It was my hope that readers with longish memories might be able to add details to the articles in this series. Eventually, if sufficient material is accumulated, the articles may need to be revised in the light of the new information. For the moment I’ll limit myself to periodical updates. Many thanks to those who have written and an open invitation to others to offer their memories or other information.
Richard Pennycuick, from Australia, has provided the following:
“As the article mentions, Dean Dixon was the conductor of the Sydney Symphony Orchestra in the mid-60s. I remember a short film called Concerto for Orchestra, made in 1965. It used the Bartok work as the music for the film which showed various members of the orchestra playing, rehearsing, and engaged in various leisure activities. For a reason I forget, Dixon had one arm in a sling which naturally limited the range of his conducting movements. The film was made by the Australian Commonwealth Film Unit. I can find no mention of its being released on DVD, but the Australian National Film and Sound Archive holds 16mm copies: http://tinyurl.com/krbbjh3
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Peter Joelson has provided information which at least partly fills in the picture of what Rignold did after leaving Birmingham:
“When I was a student in Cape Town in the late 1960s and very early 1970s, we were thoroughly delighted when Hugo Rignold arrived on the scene to revitalise the Cape Town Symphony Orchestra, taking over for half of the year for several years.
I knew a few players in the orchestra and they spoke very highly of his rehearsal methods, and the results shone. His first concert included Bartok's Concerto for Orchestra, and among works performed for the first time was Mahler's Ninth.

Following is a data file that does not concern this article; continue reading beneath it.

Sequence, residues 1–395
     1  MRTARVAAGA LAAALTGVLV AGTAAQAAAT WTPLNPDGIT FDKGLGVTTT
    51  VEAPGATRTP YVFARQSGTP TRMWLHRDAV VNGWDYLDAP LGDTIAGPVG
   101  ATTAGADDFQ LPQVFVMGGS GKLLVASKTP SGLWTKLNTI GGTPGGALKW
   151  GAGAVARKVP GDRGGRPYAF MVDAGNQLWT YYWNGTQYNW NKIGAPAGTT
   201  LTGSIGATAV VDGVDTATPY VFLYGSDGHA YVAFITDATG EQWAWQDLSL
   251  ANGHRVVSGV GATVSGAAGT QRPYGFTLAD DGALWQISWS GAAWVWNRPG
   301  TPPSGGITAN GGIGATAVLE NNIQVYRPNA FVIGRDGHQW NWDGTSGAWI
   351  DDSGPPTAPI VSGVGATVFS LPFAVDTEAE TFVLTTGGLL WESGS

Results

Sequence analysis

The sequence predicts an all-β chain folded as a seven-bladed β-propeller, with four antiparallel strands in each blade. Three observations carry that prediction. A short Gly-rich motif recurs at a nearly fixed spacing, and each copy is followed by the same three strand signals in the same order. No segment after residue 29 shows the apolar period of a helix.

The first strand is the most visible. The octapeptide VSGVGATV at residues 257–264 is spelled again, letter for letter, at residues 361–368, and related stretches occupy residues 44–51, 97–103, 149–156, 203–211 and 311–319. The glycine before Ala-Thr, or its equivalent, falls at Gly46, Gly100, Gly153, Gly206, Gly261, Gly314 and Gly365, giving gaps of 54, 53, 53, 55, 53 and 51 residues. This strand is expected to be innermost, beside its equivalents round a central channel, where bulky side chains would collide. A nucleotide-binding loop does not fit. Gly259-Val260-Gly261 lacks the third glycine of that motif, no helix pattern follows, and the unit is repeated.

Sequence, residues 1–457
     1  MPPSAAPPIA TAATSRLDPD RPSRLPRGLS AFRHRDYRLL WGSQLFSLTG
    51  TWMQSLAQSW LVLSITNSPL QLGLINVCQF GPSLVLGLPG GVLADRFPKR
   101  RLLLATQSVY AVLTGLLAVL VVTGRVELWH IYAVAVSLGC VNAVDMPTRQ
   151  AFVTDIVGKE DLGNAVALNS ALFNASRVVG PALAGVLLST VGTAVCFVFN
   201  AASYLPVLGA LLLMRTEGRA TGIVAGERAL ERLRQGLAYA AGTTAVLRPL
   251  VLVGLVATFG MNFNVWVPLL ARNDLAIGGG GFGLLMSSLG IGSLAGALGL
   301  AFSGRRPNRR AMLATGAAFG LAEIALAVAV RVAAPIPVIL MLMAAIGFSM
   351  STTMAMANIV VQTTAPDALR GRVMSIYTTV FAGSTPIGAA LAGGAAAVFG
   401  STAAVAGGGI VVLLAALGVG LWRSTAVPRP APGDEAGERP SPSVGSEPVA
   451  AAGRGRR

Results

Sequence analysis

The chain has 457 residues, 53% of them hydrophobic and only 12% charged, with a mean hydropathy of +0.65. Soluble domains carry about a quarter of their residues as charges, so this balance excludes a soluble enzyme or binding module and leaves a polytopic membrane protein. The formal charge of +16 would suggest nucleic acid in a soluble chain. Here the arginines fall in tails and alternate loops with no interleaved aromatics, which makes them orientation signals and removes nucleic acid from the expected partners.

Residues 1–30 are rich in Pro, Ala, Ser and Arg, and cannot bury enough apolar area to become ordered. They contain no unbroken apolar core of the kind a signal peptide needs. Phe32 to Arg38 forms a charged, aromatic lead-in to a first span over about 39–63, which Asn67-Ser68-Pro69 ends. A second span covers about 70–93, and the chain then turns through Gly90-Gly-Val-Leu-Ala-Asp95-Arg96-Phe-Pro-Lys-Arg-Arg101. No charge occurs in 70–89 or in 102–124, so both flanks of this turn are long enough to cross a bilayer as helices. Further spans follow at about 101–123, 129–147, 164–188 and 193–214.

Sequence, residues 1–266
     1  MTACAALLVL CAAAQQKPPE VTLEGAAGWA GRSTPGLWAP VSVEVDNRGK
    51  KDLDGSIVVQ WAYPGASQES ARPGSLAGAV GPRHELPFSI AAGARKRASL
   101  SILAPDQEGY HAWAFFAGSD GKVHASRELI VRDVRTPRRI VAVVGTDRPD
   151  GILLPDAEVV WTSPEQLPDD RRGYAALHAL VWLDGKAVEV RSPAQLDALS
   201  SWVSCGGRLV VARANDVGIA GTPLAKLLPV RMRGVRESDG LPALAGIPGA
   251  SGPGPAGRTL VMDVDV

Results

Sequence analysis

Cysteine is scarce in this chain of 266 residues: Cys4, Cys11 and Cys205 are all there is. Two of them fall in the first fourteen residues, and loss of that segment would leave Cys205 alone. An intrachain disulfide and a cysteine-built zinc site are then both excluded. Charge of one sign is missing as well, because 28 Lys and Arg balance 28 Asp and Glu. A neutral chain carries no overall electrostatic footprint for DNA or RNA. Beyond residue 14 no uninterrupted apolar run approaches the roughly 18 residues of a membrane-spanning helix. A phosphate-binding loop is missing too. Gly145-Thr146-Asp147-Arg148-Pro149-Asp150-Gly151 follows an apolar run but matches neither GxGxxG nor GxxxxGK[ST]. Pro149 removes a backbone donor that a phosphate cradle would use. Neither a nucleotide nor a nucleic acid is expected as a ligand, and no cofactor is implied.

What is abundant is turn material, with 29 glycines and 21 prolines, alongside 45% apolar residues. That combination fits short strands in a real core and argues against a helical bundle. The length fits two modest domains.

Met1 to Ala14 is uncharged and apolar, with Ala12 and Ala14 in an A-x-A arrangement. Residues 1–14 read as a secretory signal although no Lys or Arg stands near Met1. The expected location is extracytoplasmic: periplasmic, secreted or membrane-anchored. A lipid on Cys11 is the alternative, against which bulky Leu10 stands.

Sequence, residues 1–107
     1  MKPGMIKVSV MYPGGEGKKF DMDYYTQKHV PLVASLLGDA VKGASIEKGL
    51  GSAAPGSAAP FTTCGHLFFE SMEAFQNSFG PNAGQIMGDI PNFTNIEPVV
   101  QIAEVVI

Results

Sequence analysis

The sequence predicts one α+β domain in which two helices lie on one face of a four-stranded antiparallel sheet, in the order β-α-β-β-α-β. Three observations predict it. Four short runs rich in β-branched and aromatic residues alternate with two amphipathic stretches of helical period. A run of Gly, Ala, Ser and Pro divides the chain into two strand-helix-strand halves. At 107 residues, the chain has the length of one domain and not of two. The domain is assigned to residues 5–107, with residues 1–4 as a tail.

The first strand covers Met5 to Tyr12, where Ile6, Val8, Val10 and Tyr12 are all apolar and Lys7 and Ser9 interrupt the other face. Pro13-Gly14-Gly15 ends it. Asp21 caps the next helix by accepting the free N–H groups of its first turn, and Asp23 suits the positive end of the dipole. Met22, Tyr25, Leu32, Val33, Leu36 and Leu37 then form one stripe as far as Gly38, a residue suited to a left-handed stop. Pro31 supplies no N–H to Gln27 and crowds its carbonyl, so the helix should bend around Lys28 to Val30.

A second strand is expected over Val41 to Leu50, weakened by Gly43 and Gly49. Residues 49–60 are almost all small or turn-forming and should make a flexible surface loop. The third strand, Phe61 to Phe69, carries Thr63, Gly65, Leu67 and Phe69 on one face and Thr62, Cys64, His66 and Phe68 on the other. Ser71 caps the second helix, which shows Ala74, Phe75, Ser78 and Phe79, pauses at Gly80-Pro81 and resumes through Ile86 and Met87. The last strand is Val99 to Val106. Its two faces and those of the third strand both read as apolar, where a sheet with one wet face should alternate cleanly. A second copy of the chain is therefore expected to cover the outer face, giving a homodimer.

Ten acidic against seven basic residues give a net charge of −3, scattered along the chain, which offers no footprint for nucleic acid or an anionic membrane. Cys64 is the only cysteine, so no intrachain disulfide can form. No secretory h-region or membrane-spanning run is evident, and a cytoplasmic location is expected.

I met him the once, a charming man accompanied by his daughter. I got the impression his health wasn't good, not least from the slow gait. After leaving South Africa at the end of 1973 I lost touch with the orchestra's progress, but was sad to read of his death in 1976; he did seem rather older than his years.
Following this up, I found an interesting extract from a book by James Gollin: Pianist: A Biography of Eugene Istomin
“The conductor of the concerts, Hugo Rignold, became a great friend. Rignold was in Cape Town for a year as the symphony’s guest conductor. With him was his family, including his very pretty young daughter, Jennifer. Rignold, Eugene said, was a first-rate conductor who had been a victim of British snobbism. A violinist, Rignold had spent the 1930s as a player and arranger in British dance bands, including his own. Like Eugene Ormandy ... Rignold had had a great trouble living down his pop past and gaining acceptance as a “serious” musician. He had gone to Egypt during the year for a year as conductor of the Cairo Symphony Orchestra. This engagement had burnished his reputation, and after the war, Rignold had won stints at Covent Garden, Liverpool and The Hague. At length, he had settled down for nine years as music director of the City of Birmingham Symphony Orchestra, but was never offered a London orchestra. Eugene liked Rignold the musician and admired the Rignold lifestyle. “He was an excellent
conductor. And like all these conductors, he drove an Aston Martin [sports car]. And he loved ‘gahrls’. ‘Gahrls, gahrls, gahrls’. But he had no intention of letting Jennifer run loose.”
I also found an internet discussion where Rignold is described as “a bit of an expert on good wine”. He is also remembered for some odd phrases during rehearsals such as “dig it out”, which were joked about by the players. The specific reference to his not being offered a London orchestra is interesting. It implies he felt he should have been. Was this something that rankled, something he was liable to bring up over a glass of wine?
I’ve tried to trace a Rignold appointment at The Hague, but without success. Can any Dutch reader help? I’m also puzzled by the idea that “all these conductors” drove Aston Martins. I’ve tried to imagine Sir Adrian Boult gadding about town in one, but the prospect was too mind-boggling.
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